Let me briefly make two points that were also made by the hon. Member for Heywood and Middleton, and with which I entirely agree. One relates to the difficulties that First North West Trains seems to be having in providing efficient and effective commuter services for my constituents and, no doubt, his. I hope that the Minister will keep a sharp eye on the franchise of that company, as I know that the passenger transport authority is doing, to ensure that it performs to the level that it is required to do by its franchise, and can reasonably be expected to do.

I pick up the point that was made by the hon. Member for Carlisle (Mr. Martlew) relating to the Eurostar link. Last autumn, I wrote to the Minister and raised the issue of when Virgin's request to run Eurostar services would be considered. I understand that a review is going on. I had the impression that that would have reached a conclusion and that an announcement would have been made before Christmas. Unless I have missed it, I do not think that it has happened yet. Again, I ask the Minister whether that straightforward, simple step to improve our links with Europe and the rest of the world can be given an urgent push forward.

11.40 am

Mr. Graham Stringer (Manchester, Blackley): I declare some old interests in transport. For a long period--13 years--I was a paid director of the Manchester Ship Canal Company and of Manchester Ship Canal Development, which eventually became a wholly owned subsidiary of Peel Holdings, which now owns Liverpool airport. I spent 13 years as a director of Manchester airport and 11 years as a member of the Greater Manchester passenger transport authority.

I congratulate my hon. Friend the Member for Heywood and Middleton (Mr. Dobbin) on securing the debate and on the comprehensive review that he gave of transport in Greater Manchester and the north-west.

On the point that my hon. Friend the Member for Carlisle (Mr. Martlew) made about Eurostar, I had the difficult choice of whether to come to the debate, or to go to the press conference to launch the report on Eurostar by the Transport Sub-Committee of the Select Committee on the Environment, Transport and Regional Affairs. It is a fascinating report and I commend it to all hon. Members who are present. It says simply that the regions were conned during the debate on investment in the channel tunnel into believing that there would be some benefit to the regions from having regional rail services.

When we examined the witnesses, including witnesses from the Department of the Environment, Transport and the Regions, we found not only that there is no benefit at the moment because we do not have Euro regional rail services to Manchester, Glasgow and Edinburgh, but that the witnesses did not know what the impact of the channel tunnel on current links was; nor could they project what the impact might be if such regional rail services started.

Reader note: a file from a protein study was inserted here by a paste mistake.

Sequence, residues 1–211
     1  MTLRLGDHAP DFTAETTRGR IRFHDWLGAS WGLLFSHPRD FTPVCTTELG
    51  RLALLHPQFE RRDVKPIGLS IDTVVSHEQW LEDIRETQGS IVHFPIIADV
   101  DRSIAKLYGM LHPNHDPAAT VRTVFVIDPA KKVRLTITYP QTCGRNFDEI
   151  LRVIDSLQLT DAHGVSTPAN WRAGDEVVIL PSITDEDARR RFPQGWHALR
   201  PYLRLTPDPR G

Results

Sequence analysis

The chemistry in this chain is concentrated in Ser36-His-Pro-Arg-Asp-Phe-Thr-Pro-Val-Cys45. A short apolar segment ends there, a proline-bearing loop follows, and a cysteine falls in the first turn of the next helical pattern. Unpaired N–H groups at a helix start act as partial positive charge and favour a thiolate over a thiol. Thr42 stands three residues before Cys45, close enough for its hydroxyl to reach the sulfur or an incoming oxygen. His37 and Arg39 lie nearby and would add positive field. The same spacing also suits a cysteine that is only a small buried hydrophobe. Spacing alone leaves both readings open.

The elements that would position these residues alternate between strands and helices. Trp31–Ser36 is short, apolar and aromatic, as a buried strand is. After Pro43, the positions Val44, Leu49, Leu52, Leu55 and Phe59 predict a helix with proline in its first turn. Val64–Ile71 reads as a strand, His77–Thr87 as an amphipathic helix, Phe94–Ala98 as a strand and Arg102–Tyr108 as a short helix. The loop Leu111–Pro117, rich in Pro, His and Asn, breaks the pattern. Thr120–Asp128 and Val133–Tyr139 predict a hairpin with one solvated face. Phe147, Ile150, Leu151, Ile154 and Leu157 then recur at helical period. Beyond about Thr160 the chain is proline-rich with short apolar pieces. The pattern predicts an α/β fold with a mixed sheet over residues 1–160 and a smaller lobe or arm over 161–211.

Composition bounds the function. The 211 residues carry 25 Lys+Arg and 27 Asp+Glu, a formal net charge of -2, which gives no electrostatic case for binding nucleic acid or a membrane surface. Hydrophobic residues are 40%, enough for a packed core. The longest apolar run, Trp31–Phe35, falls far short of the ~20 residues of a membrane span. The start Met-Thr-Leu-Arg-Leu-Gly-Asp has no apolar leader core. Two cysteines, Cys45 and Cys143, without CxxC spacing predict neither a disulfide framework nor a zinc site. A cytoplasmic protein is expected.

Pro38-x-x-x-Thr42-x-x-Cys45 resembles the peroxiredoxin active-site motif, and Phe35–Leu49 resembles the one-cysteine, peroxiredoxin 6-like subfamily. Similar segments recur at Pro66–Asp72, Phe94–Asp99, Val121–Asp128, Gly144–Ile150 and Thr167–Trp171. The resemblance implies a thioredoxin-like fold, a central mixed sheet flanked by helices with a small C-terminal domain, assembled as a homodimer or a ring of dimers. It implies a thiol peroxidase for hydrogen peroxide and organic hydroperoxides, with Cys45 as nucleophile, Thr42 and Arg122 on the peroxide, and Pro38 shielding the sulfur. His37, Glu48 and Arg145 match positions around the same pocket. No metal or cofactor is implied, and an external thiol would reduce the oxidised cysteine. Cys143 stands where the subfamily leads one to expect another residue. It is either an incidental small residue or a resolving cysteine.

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My guess is that, because of all the investment in the south-east, the effect of the channel tunnel has been negative on the regional economies, but no one knows because the work has not been done. It should be.

At present, hundreds of millions of pounds worth of Eurostar regional rolling stock is kept in the sidings doing nothing. There is a simple choice for the Government; either they take up Virgin's offer to run the services at no cost to the taxpayer--one can be sceptical about that; not everything that Virgin promises comes into being--or there needs to be a subsidy.

The decision that the Government came to in sorting out London and Continental's financial mess and in agreeing the deal that will complete the channel tunnel link into London has meant that that service cannot subsidise the regions, so either there needs to be a small subsidy, or a commercial operator needs to be put in place that will carry through the services.

That would benefit the regions, particularly if we allowed that service to carry passengers who were not going all the way. It would bring immediate benefit for those people travelling from the regions just into London or somewhere beyond.

Another aspect of transport in the north-west that I want to talk about is airport and aviation policy. I start with two facts. In 1996, 10 million passengers from the north of England travelled on international scheduled services. Of those 10 million passengers, 4 million--four out of every 10--were forced into the south-east system to make connections.

We do not know how many of those intercontinental passengers did not go into the south-east, did not catch their intercontinental flight from this country, but chose Schipol, Frankfurt, Paris, Copenhagen or another European hub. The statistics would be worse if we could get that information. The money associated with those flights was lost.

Another fact illustrates how we could benefit if those passengers used regional airports, whether it be Manchester or Liverpool. About three years ago, a comparative study was undertaken of the airports at Schipol and Manchester. It showed that, if we looked at the economy immediately surrounding Schipol and at the north-west economy, Manchester airport--we could throw in Liverpool airport for these purposes too--was carrying only about a third of the passengers that Schipol airport was carrying. That fact ties in neatly with the fact that many passengers have been forced into the south-east system and probably into other European hubs.